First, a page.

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Potawatomi Trail of Death / Chief Menominee Statue

Potawatomi Trail of Death / Chief Menominee Statue

The Potawatomi Trail of Death was the forced removal of the Potawatomi Indians from north central Indiana to reservation lands along the western bank of the Osage River, near present-day Osawatomie, Kansas.  It marked the single largest Indian removal in Indiana history.

In the fall of 1838, 859 members of the Potawatomi nation were rounded up by General John Tipton and an armed volunteer militia at the Twin Lakes Encampment near Plymouth, Indiana.  The forced march lasted for 61 days and covered approximately 660 miles.  During the journey, more than 40 people died, most of them children, and were buried in unmarked graves.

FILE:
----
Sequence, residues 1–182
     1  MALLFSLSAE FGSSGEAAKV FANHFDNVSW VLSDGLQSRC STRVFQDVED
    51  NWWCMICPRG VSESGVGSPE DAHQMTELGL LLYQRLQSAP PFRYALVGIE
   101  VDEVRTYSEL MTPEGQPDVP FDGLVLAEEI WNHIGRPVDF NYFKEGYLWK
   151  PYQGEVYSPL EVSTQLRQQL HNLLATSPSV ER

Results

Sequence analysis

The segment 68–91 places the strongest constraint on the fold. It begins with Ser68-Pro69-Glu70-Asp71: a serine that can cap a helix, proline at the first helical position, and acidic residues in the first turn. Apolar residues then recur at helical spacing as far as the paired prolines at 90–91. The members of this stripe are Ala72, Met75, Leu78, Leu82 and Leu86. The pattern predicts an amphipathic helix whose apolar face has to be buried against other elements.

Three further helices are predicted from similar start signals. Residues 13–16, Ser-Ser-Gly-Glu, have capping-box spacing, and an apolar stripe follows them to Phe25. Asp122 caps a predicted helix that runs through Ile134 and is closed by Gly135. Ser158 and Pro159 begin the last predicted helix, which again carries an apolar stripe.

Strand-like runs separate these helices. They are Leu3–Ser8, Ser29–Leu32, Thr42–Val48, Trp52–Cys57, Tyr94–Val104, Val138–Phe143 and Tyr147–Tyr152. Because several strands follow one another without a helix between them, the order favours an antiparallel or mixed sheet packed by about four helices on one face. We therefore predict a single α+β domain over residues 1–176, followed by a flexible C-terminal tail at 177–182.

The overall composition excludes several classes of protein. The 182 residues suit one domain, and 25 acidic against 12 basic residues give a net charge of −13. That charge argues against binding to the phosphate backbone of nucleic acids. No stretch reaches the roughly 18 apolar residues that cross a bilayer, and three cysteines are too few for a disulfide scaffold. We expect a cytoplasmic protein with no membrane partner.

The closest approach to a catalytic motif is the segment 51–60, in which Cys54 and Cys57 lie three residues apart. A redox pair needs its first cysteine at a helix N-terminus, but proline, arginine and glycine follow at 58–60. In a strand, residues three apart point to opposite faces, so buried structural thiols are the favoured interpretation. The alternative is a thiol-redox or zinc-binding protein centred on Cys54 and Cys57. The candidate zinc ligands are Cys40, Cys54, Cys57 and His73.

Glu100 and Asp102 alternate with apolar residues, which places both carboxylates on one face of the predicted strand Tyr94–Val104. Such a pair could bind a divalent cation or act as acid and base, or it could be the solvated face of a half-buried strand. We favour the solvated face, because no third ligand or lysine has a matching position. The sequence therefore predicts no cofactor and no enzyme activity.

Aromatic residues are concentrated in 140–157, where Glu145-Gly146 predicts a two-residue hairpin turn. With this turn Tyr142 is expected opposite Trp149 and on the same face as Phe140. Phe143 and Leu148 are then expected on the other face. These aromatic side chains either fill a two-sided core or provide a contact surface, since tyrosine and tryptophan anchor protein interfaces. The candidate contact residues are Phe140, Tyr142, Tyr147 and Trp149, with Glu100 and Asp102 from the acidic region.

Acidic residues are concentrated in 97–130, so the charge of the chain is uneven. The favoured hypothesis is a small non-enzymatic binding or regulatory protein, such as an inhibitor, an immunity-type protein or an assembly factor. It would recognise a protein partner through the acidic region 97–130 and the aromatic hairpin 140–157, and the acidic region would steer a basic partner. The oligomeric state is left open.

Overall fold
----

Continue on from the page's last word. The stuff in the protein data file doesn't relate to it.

Daniel McDonald was the owner and editor of the Plymouth newspaper and wrote a book Removal of the Potawatomie Indians from Northern Indiana in 1899. He was later elected to the Indiana state legislature and introduced a bill to erect a memorial to the Potawatomi.

Sculptor John Novelli was paid $1,875 by the State of Indiana to create the Chief Menominee statue, and in 1909, the statue of was erected and dedicated. The statue is believed to be the only statue of an Indian chief ever paid for by a state legislature.

For more information about the Potawatomi Trail of Death and the Chief Menominee statue, visit the Potawatomi Trail of Death Association.

 

 


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